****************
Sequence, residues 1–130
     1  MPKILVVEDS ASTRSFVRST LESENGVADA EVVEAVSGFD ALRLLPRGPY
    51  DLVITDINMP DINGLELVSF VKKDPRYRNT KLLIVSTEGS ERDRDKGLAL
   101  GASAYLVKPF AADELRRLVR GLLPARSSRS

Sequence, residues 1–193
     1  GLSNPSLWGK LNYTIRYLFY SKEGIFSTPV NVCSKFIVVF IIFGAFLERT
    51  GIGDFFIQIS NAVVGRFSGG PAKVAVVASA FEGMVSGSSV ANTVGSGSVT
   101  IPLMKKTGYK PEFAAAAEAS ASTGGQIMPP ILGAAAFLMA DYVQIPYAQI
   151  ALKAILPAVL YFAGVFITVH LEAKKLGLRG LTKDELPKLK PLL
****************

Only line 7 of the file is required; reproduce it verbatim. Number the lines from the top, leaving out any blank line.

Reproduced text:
    51  GIGDFFIQIS NAVVGRFSGG PAKVAVVASA FEGMVSGSSV ANTVGSGSVT